New York Natural Heritage Program
Least Tern
Sternula antillarum Lesson, 1847

New York State Distribution [-]
In New York, Least Terns only occur on Long Island. The first Breeding Bird Atlas documented them along the shores of Queens, Nassau, and Suffolk counties. They were absent from Staten Island and parts of Long Island Sound. The second atlas documented a shift in distribution: a range expansion on the north shore of Nassau and Suffolk counties and a reduction along Long Island's south shore bays. (McGowan and Corwin 2008)

Global Distribution [-]
BREEDING: Least Terns breed along the Pacific, Atlantic, and Gulf coasts and inland along large rivers. Pacific coast: central California to southern Baja California and Chiapas (Garcia and Ceballos 1995). Interior U.S.: Breeds locally along the Colorado, Red, Arkansas, Missouri, Ohio, and Mississippi river systems. The species was formerly more widespread and common but has been eliminated from much of former habitat; now breeds locally in this region, north to Montana and North Dakota, east to southwestern Indiana, central Kentucky, and western Tennessee, west to eastern Colorado. Atlantic-Gulf coast: Maine south to Florida and west to Tamaulipas, coast of Yucatan Peninsula, and in West Indies (Sprunt 1984, van Halewyn and Norton 1984); islands off coast of Belize, Honduras, and Venezuela; and Bermuda (Thompson 1995, AOU 1998). About 2/3 of world population breeds in the southeastern U.S.; largest colony is at Gulfport, Mississippi (Clapp and Buckley 1984). NONBREEDING: The nonbreeding range extends along the Pacific coast from southern Mexico to Peru and eastern coasts of Mexico, Central America, and South America to Brazil and northern Argentina (Thompson et al. 1997, AOU 1998). The species is casual in Hawaii (Whitman 1988). Birds may remain in wintering areas during first year (Thompson et al. 1995).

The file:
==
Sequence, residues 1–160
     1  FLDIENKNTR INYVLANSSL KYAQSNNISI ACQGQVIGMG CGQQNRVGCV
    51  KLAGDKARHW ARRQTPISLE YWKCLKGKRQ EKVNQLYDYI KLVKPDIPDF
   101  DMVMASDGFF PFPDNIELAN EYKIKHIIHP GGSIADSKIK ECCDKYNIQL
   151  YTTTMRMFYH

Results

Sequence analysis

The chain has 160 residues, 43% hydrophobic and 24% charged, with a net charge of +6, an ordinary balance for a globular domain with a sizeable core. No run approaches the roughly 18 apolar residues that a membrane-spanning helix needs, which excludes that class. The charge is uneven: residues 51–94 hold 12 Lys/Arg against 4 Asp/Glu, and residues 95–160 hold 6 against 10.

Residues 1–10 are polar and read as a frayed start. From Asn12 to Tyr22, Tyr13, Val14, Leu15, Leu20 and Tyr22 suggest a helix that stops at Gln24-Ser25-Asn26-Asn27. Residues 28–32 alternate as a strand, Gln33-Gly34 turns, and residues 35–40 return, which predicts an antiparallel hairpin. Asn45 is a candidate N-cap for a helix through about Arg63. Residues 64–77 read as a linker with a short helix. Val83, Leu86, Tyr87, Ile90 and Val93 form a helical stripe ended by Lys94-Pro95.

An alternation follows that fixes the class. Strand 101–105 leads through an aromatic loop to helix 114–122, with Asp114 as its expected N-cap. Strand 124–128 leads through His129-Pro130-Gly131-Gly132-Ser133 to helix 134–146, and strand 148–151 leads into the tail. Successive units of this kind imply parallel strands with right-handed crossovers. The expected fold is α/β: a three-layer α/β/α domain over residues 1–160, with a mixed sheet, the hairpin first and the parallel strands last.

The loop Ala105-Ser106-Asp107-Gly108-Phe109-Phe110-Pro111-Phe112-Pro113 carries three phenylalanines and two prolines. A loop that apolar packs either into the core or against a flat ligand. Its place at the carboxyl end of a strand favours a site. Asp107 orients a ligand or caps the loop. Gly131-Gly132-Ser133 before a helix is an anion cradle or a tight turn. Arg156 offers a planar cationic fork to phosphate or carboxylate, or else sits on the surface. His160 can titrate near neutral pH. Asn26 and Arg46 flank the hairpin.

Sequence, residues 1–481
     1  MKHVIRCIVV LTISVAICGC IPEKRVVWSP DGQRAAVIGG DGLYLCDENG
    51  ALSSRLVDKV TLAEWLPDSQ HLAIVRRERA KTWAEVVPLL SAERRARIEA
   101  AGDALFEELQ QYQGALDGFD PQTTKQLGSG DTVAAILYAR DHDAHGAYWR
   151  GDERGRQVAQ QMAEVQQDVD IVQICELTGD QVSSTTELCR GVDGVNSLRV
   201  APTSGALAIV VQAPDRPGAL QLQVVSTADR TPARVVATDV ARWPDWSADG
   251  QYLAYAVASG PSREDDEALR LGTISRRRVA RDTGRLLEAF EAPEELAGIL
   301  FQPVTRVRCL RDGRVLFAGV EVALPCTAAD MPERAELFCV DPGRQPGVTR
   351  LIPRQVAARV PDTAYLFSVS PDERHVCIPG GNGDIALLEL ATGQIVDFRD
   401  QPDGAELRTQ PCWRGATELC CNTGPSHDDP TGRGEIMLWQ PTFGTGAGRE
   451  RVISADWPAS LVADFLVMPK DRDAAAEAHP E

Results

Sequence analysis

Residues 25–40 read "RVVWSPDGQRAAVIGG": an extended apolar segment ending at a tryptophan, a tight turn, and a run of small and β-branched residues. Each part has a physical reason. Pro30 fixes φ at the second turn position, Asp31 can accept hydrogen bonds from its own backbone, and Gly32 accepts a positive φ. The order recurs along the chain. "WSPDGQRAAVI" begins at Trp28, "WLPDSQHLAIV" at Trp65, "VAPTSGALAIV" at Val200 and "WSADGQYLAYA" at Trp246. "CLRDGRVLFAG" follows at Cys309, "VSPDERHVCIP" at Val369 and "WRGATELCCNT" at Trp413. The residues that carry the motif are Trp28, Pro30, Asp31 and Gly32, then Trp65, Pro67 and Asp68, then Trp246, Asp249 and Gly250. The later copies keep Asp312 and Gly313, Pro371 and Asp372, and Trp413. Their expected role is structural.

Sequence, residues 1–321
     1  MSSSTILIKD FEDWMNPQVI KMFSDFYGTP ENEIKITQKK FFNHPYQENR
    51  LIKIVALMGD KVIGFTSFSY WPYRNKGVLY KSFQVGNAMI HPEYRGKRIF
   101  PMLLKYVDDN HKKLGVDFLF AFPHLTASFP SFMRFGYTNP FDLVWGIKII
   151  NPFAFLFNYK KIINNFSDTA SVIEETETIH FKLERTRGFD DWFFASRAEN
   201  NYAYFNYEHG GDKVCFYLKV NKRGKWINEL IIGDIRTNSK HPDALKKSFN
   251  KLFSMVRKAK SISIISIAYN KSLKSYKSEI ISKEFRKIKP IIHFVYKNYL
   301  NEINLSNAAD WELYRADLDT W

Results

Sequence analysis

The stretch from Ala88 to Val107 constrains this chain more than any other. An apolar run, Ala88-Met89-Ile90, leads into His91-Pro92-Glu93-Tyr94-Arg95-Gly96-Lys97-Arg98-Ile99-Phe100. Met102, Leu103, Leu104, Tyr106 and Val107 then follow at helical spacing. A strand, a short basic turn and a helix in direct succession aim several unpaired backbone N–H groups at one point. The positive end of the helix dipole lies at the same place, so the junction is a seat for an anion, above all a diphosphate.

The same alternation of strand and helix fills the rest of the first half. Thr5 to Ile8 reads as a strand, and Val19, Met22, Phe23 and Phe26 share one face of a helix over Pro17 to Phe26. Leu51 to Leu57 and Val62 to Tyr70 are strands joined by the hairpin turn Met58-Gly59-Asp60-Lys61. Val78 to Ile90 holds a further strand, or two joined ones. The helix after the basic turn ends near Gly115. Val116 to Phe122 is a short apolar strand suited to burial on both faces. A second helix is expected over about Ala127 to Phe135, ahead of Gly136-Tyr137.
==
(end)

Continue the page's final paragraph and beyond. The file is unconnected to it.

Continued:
Best Places to See
• Breezy Point (Queens County)
• Long Beach (Suffolk County)
• Short Beach (Suffolk County)